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UK equities: the return of dividends

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After a tough year for investors in UK equities, GAM Investments’ Adrian Gosden believes the sector offers a compelling investment case heading into 2021, helped by the return of dividends.

10 December 2020

2020 has been a horrible year for investors in UK equities. As of 20 November, the FTSE 100 was down more than 15% year-to-date. This compares poorly with most other equity markets across the globe and looks quite wrong when compared to China CSI 300 which was up 28% (year-to-date in GBP) and the US Nasdaq which was up 33% (year-to-date in GBP) in the same period. The reasons for this huge underperformance are varied but can best be assigned to four key issues: Brexit, the Covid-19 pandemic, dividend cuts and a lack of technology in the UK index. Other considerations include the impact of low interest rates on banks and an ESG push against big oil stocks, both of which were important parts of the UK index. However, for the purpose of this article, we will focus on the four big issues mentioned above. Having acknowledged the terrible performance of the UK equity market in 2020 year-to-date, the question is whether UK equities might now present a good opportunity for investors. As Chart 1 shows, UK equities are at a 50-year valuation low compared to world markets. This is only of academic interest unless we can identify a reason why this might change - a reason linked to the UK market rather than assuming world markets fall.

Certainly corporates and private equity companies have noticed the valuation opportunity presented in UK equities. William Hill and Hastings Insurance, for example, have recently received offers. In the wider market stock market, bids have landed in house building, insurance and property. The variety of sectors involved is encouraging and suggests a wide undervaluation of UK equities. However, these corporate and private equity attentions are welcome but on their own, they will not propel the UK stock market back to more respectable levels.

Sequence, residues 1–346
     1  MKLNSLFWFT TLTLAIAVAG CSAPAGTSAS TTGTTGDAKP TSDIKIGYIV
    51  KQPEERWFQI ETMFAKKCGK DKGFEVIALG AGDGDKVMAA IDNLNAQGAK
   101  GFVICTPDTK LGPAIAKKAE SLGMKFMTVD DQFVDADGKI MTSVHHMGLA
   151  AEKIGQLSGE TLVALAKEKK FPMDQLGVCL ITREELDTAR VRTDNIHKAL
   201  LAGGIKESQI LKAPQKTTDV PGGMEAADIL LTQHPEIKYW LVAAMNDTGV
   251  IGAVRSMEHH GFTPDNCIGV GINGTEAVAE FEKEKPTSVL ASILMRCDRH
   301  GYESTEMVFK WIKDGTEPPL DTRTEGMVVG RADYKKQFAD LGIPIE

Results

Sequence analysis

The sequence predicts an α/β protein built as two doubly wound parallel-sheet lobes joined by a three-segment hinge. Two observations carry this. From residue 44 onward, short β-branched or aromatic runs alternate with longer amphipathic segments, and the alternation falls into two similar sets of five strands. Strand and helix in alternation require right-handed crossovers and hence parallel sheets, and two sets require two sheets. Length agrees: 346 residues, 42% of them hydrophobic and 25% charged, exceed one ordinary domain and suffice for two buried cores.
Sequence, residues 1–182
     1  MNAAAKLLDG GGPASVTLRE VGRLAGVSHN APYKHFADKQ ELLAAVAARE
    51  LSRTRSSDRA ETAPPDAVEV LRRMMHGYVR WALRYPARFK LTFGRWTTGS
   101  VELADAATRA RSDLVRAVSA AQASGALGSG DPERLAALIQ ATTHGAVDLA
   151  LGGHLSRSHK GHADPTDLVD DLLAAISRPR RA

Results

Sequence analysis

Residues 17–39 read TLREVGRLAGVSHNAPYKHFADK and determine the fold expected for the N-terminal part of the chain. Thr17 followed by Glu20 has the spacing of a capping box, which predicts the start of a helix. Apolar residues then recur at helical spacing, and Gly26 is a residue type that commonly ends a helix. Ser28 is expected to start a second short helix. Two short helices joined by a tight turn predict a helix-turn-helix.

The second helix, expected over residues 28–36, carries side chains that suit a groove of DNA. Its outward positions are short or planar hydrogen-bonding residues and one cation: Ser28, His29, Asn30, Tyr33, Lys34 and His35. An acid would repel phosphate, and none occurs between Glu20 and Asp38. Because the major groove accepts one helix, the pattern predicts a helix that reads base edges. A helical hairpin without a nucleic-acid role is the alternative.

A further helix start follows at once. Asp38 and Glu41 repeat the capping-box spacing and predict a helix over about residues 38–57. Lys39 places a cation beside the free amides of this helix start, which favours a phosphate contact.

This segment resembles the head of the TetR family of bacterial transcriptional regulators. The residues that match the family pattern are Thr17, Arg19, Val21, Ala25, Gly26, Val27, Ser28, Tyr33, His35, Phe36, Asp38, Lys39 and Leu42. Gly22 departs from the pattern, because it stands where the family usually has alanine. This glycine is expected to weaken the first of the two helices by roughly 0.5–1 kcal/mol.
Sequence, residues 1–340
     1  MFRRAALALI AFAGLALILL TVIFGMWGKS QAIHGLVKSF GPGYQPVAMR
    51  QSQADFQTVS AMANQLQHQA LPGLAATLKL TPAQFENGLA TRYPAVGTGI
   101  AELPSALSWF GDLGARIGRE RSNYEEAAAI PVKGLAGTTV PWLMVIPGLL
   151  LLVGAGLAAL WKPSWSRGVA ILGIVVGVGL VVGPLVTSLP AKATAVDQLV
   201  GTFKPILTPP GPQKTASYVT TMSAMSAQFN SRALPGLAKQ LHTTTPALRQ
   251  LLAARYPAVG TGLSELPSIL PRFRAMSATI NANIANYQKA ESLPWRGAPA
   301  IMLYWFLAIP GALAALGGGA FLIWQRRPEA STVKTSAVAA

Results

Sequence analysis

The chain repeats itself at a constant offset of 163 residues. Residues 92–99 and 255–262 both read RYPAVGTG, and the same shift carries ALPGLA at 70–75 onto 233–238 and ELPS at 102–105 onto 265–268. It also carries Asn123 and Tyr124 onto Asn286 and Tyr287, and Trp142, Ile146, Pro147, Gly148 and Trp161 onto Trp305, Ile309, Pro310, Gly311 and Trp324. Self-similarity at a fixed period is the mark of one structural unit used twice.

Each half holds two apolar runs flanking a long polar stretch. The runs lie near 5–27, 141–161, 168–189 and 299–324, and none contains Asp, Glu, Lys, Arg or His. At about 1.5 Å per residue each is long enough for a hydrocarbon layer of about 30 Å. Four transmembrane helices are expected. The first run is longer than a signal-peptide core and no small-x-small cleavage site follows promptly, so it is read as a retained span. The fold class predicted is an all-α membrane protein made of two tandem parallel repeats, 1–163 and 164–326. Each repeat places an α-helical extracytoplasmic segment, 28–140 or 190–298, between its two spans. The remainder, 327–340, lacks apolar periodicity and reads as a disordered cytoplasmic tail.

Chart 1: UK versus MSCI World Average Valuation Premium

Source: Morgan Stanley. For illustrative purposes only. Past performance is not an indicator of future performance and current or future trends.

Considering the four key reasons for underperformance

Beginning with the composition of the FTSE 100, it is unlikely that the UK market will become populated with large technology companies in the near future, so we will have to do without the influence of this sector for now. A swift rollout of a vaccine and a quick, accurate mass testing system could help us to overcome many of the challenges posed by the Covid-19 pandemic, including being able to go about our business rather than staying at home. Certainly in Asia, we have seen the positive impact that combatting the virus has had on local stock markets. It now seems likely that a suite of vaccines will be available in 2021. Just as Asian economies have bounced back, it would not be unrealistic to expect European economies to also return to growth. Even the much forgotten about UK would see economic growth and that would usually result in a better performance from the UK stock market.

With regards to Brexit, UK stock market investors have hoped for progress ever since the vote to leave was received in 2016. Falling out with our biggest trading partner was always going to very unsettling for businesses. Could we have some clarity in 2021? Our hopes for this have significantly waned over time.

So that brings us to the final of those four key issues: dividend cuts. Here, we are far more optimistic. The dividend cuts in 2020 were severe. Between 40% and 50% of dividends were lost. Some dividend cuts were directly attributed to the economic downturn caused by the pandemic, some dividend cuts were companies taking the opportunity to rethink their dividends after years of over distributing and some companies were prevented from paying dividends by regulators. All in all, this was a heavy blow for investors. Dividends are an important source of returns, making up nearly half of all UK equity returns in the last century (Dimson, Marsh and Staunton – Triumph of the Optimists). To have such an important part of the investment case damaged, we believe, is the biggest reason for the UK market’s huge underperformance year-to-date.

Fortunately, as we approach the end of 2020, there is change in the air. Dividends are starting to return. Companies are returning to paying dividends from a wide variety of sectors. In our view, the biggest influence on the UK market by returning to dividend payments will come from the banks. As soon as the regulator permits this activity to recommence, we believe that investors will once again return to the UK market for the reasons they always used to - dividends. As we move into 2021, we believe UK equities offer a very compelling investment case.

This article was first published in Investment Week.

Important legal information
The information in this document is given for information purposes only and does not qualify as investment advice. Opinions and assessments contained in this document may change and reflect the point of view of GAM in the current economic environment. No liability shall be accepted for the accuracy and completeness of the information. Past performance is no indicator for the current or future development.
Adrian Gosden

Adrian Gosden

Investment Director

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